It's hardly a secret that there's mostly a lot of crap on commercial radio, and not just these days either. The writers, studio players, producers, artists themselves, openly (offstage) talk about how schlocky it all is, that only the truest of die-hard fans is entertained by the majority of what they hear. They secretly harbor disdain for the faithful, regarding their own audiences as fanatics in need of a life. I know artists who feel that they just can't take a chance on cutting something a little deeper or sophisticated until they are more secure in their place in infamy. Trouble is, they never do feel secure. In defense of some, I also know that there are those artsists (and writers) who just "happen" to be commercial, to be right for the radio these days. In my opinion, all this unfortunately results in a playlist which, at any given time and in any given format, may be 75% tripe. There is always some good music out there, less very good music, and just a miniscule amount of greatness. And the hits just keep coming.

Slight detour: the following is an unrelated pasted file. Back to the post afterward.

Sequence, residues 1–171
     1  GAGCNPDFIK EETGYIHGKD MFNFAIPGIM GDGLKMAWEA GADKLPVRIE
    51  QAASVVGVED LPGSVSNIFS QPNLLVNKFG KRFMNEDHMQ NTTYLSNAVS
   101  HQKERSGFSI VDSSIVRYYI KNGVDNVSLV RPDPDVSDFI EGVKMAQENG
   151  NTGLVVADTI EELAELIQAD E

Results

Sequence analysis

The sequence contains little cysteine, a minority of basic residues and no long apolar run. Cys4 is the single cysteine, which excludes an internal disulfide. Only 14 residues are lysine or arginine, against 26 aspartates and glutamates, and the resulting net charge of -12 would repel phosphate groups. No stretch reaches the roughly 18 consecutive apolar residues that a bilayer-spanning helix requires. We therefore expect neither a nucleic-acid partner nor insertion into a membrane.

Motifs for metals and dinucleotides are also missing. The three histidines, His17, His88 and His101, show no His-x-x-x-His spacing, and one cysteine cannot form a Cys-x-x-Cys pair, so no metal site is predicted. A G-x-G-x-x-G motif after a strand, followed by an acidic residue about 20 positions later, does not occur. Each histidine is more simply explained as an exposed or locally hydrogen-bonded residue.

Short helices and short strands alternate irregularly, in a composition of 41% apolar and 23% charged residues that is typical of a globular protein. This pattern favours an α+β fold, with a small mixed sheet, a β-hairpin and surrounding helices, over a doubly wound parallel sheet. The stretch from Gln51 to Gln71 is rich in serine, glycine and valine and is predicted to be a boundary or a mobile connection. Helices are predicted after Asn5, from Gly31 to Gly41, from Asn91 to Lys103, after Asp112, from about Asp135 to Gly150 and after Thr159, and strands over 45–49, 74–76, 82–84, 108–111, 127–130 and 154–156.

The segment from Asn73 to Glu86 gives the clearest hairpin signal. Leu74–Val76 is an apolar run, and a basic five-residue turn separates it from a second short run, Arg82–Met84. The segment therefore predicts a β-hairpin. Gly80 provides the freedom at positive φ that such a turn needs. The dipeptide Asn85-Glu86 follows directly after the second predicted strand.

It's a sad truth that the best American music is not on the radio. It lives on in struggling clubs, on hard to find CDs, released on independent record labels, short radius broadcasting, and cult-like personal mailing list generated markets. Hard to find, worth the trouble. The losers are the listeners, cheated out of much that is genuine. If the public only knew what an endangered species real artists are they might be more inclinded to support them.

Many artists are able to combine good art and good entertainment in a career. One look at Loudon Wainright III or Michael Smith or Cheryl Wheeler (just to pick a few out of the air) will tell you that. Serious music is commercial entertainment to those who buy and are moved by it. I'm finding that as I continue as a performing, writing and recording artist, my artsy side has become a little less vague, indulgent and presumptuous, and that my commercial/entertainer side has gotten a little more substantive and relevant. A little. Art doesn't have to be so tight-assed precious and entertainment needn't be so cheesy. You got to do a little ham bonin' between tear jerkers.